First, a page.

Lange (1938) has proposed P. aurivella var. cerifera (Karsten) Lange for a variety which has a stipe with dense, recurved scales, which at first are whitish but soon brownish from the base upward. We have not distinguished this variant here in North America. P. caespitosa might appear close but it has yellow scales on the stipe and when young a whitish pileus. The brown bodies in the hymenium can be basidia, basidioles, or cystidia, so a distinction between cystidia and basidia on colored content is not made here. The pleurocystidia are a distinctive feature of the species, but revive poorly. Moser's (1950) report of P. squarroso-adiposa, to judge by the spore width, applies to P. aurivella.

The microscopic data given in the following account are from a specimen from Derek Reid, collected at Berkhamsted, England. Oct. 27, 1955.

Spores 7-10 (11) x 4.5-6 µ smooth, apical pore distinct but apex not truly truncate; shape in face view broadly elliptic, in profile broadly elliptic to obscurely bean-shaped, color in KOH dull tawny, in Melzer's reagent reddish cinnamon; wall about 0.4 µ thick.

Basidia 25-30 x 6-8 µ, 4-spored, clavate, hyaline in KOH and yellowish in Melzer's reagent. Pleurocystidia embedded, 26-34 x 7-12 µ, sharply fusoid to clavate mucronate, wall thin smooth and hyaline; content "empty" except for a small at times poorly formed refractive inclusion. Cheilocystidia 22-33 x 5-9 µ, subfusoid, subfilamentous or fusoid-ventricose; walls smooth, yellow to hyaline, thin; content homogeneous, yellow to hyaline. Caulocystidia in tufts (20) 33-65 x (8) 12-20 µ, clavate to vesiculose-pedicellate; walls smooth to roughened, yellowish to hyaline; content-"empty."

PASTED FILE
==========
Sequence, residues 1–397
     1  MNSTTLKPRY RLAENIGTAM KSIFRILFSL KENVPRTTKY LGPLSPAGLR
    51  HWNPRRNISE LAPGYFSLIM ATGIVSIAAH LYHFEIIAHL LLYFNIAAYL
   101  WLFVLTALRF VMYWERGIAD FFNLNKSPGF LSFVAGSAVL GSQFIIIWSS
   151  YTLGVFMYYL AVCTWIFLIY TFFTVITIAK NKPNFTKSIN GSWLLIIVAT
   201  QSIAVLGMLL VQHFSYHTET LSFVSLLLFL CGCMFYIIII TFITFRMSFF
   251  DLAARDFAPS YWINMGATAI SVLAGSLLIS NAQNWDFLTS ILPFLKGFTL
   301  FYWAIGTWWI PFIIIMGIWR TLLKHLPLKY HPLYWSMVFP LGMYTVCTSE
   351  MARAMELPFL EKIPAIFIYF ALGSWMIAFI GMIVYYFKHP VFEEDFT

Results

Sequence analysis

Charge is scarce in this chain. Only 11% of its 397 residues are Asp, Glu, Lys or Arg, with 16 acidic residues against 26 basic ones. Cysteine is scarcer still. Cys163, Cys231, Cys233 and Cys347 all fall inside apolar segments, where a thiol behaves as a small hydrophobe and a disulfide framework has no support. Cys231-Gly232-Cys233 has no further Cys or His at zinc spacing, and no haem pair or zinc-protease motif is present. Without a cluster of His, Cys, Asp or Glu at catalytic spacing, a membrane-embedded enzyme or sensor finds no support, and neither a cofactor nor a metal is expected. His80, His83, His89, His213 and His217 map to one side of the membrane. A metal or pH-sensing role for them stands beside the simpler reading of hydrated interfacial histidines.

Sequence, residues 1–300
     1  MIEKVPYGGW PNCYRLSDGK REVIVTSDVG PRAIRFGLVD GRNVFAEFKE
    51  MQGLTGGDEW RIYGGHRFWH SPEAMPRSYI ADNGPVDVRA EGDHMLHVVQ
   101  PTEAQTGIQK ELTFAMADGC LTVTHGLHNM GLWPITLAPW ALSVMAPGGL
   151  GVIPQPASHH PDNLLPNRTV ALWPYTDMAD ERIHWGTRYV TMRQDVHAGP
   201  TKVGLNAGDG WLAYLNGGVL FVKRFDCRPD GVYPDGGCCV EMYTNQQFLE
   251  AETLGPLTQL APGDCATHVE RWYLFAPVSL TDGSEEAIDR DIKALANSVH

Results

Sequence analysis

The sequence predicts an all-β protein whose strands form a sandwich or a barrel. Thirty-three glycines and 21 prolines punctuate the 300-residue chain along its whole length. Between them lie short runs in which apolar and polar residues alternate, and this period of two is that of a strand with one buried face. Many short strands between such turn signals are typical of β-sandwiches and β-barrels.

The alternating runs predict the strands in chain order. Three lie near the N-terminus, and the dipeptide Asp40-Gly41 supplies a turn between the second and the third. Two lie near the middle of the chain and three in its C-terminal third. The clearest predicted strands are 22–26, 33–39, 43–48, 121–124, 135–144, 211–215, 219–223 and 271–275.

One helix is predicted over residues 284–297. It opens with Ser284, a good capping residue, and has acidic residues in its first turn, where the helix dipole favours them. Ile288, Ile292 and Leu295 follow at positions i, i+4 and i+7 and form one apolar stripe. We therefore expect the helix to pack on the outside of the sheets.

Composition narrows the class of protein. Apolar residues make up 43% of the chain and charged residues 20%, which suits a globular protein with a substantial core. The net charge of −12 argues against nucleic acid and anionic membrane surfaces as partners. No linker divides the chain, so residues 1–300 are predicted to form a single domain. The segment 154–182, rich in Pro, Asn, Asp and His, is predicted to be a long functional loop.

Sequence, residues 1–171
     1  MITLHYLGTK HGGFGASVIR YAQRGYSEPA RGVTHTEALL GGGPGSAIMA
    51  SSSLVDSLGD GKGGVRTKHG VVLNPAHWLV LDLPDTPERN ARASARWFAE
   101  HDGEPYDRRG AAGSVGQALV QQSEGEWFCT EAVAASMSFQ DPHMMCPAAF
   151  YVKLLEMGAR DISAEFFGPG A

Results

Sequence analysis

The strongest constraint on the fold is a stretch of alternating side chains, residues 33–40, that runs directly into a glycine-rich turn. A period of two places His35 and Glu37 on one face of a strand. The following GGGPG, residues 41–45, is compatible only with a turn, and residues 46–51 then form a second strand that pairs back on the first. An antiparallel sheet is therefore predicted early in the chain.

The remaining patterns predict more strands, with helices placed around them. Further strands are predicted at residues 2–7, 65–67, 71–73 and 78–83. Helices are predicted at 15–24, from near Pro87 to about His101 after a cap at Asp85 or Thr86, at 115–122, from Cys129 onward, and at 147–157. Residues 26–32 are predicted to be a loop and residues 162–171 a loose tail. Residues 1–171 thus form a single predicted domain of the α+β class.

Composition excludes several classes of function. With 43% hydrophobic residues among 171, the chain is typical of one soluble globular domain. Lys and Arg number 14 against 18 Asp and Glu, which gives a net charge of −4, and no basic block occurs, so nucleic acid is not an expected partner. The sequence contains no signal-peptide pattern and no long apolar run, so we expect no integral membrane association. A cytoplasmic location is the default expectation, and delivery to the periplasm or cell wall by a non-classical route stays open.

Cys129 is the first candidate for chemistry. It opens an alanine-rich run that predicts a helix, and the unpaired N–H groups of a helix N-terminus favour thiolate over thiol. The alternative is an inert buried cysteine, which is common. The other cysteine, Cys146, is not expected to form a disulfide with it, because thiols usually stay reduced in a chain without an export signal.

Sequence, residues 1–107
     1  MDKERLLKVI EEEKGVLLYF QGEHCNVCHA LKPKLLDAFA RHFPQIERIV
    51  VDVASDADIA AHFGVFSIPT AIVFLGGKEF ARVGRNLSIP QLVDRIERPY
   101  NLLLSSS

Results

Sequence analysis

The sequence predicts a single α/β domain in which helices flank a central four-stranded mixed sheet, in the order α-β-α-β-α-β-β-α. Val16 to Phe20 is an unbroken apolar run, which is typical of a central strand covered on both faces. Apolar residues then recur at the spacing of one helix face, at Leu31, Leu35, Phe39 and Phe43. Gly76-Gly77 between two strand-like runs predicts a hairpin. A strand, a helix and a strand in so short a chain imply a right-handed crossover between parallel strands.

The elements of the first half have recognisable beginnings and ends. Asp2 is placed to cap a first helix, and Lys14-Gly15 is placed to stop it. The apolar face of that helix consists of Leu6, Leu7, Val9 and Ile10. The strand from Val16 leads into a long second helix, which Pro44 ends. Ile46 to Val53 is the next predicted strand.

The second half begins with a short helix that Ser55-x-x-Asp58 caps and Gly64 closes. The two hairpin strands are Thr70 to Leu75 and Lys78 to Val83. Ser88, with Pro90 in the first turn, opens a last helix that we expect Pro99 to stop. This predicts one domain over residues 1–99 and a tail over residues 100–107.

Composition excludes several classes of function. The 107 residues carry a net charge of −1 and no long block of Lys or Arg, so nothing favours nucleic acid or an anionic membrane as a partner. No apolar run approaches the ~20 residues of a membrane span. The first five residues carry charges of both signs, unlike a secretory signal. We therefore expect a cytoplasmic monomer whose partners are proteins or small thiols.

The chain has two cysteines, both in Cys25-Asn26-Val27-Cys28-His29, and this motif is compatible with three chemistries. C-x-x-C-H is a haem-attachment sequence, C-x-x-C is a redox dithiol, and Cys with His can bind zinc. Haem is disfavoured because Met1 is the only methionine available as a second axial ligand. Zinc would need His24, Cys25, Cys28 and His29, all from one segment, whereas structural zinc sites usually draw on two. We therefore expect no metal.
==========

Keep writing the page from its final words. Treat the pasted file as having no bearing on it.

Gill trama of mostly floccose hyphae subparallel and with long greatly inflated (20+ µ) cells, walls smooth, slightly thickened and refractive; hyaline; subhymenium a poorly defined layer of subgelatinous hyphae (on mature gills). Pileus trama with a thick gelatinous pellicle of hyphae 2-8 µ diam., content ochraceous to brownish in KOH, the layer dull reddish cinnamon near surface, yellow to hyaline in midportion; hypodermial region not sharply distinct from context. Context hyphae interwoven, cells with slightly thickened to thin walls (2 double lines if thickened), smooth. Clamp connections present. All hyphae inamyloid.

It will be noted that no pleurocystidia with colored content (brown to red) were found in this specimen, but that typical chrysocystidia were, though in some the inclusion was not too sharply defined. In addition the caulocystidia were voluminous. If proved constant this combination of features may be indicative of an additional species. We refrain from describing another species at this time because we do not have sufficient data on the caulocystidia of the western American specimens and because we have seen both only in the dried condition.

Material Examined: ALASKA: Baxter 8-1936; CALIFORNIA: Pusateri 25; COLORADO: Barrows 902, 1336, (MICH); IDAHO: Cooke 22069 (MICH); Smith 32030, 34208, 54694, 54695, 55258, 58331, 68714; Trueblood 270 (MICH); MAINE: Parlin 15260; MICHIGAN: Smith 3181, 21382, 71435, NORTH CAROLINA: Hesler 18170; NEW MEXICO: Barrows 105, 1498, 1498a (MICH); OREGON: Sipe 132, 224; Smith 19658; TENNESSEE: Hesler 9538, 9582, 12508; UTAH: McKnight F-144; WASHINGTON: Cooke 21922 (MICH); CANADA: BRITISH COLUMBIA: Tannhauser 10-26-48; ONTARIO: Bell (Tenn. 10274); QUEBEC: DAOM 45190; ENGLAND: Reid 27-10-1955; NETHERLANDS: Tenn. 23833; SWITZERLAND: Favre 9-10-48. Cultured basidiocarps: Arend 1935, Harding 4 specimens 1951-1952.